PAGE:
High school history classes taught me many half truths about my heroes: George Washington, Thomas Jefferson and Abraham Lincoln, for instance, created a land of equality for all.
Later I learned of John Muir, founder of one of this nation’s foremost conservation organizations. He has recently been revealed to have seasoned his conversation with denigrating comments and epithets about Native Americans and Black people he met on his wild wanderings.
Two-time Pennsylvania governor Gifford Pinchot initiated forestry programs and was appointed by President Teddy Roosevelt to head the nascent U.S. Forest Service. He also was a leader of the American Eugenics Society, a movement dedicated to preventing inferior humans from polluting and eventually outnumbering the white upper class to whom being the ruling class was both a right and a responsibility.
Muir and Pinchot, like Washington and Jefferson, were descended from White European forebears. When they said “all men are created equal,” they meant, literally, “all white men of European ancestry.” They may have known, or at least suspected, better, but then, like now, anyone who promotes an unconventionally accepted behavior may be treated harshly by the conventional majority because, in today’s vernacular, “It is what it is.”
But we often change our views as our perspective changes. Snuggled between the mea culpa and the recognition of “significant and immeasurable harm” caused by Muir and others of his lineage, there is a growing whisper that his views changed later in his life.
We are not to blame for the sins of our ancestors, unless we continue them. White people comprise 95 percent of Adams County population, according to the U.S. Census bureau. The number makes it easy to, like Muir, pretend we alone have the privilege and responsibility to protect the environment of which we are part.
In 2016, National Public Radio reported, quoting a survey commissioned by the National Park Service: of the more than 300 million reported recreational visits, only about seven percent were African-American. Hispanics rang in at only nine percent.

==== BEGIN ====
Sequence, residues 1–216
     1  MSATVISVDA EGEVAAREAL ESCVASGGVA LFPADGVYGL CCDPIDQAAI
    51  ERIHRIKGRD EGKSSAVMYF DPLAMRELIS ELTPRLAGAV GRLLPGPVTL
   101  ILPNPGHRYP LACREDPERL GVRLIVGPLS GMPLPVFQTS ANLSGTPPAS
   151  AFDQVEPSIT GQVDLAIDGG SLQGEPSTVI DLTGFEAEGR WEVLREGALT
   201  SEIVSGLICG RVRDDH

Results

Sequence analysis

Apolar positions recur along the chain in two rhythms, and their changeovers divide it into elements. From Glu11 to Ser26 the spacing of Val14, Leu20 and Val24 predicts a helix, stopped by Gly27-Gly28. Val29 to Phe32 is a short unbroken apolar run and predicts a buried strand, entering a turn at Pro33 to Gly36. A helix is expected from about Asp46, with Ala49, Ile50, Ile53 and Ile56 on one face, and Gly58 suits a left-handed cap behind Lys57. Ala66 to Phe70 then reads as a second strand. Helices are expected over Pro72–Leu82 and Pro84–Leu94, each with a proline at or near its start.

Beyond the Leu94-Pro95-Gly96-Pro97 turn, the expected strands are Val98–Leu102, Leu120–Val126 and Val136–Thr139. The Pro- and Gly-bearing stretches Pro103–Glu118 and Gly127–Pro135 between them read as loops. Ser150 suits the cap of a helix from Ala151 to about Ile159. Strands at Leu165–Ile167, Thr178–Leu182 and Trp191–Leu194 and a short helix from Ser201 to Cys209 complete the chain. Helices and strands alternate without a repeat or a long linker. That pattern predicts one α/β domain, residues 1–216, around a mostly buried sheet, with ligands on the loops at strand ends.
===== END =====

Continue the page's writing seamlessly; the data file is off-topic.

It would be easy to assign blame, but we all share it, most of us without realizing it. We hang with our crew without realizing someone who would like to be included sees a wall with no entrance. Every newspaper picture with only white folks sends a message about who is not invited. We don’t necessarily mean it that way; we just let it happen.
“If you want to change a generation, start with kids,” said a friend, who counts several hunters in his extended family. “A kid that spends time in the woods, rivers, and lakes will take that into adulthood.”
He lamented that young people of his complexion spend too much time playing video games indoors, or restrict their out-of-home activities to organized sports. That description does not paint only non-white kids.
But when one group of us causes lead to poison the water of another, or when we dump coal ash near the homes of people whose houses are less expensive, we pollute the ground on which all of us walk.
Whenever I wander the local mountains I see more proof we and the environment are not separate parts. Plants, rivers, critters and us comprise a single existence, each part shaping the others, on this whirling blob of mud and rock, careening through the universe toward an unknown destination.
Muir deserves our gratitude for helping point the way to conservation, but he was wrong to reckon only his people were capable of recognizing its beauty. Correcting that misjudgement is our job.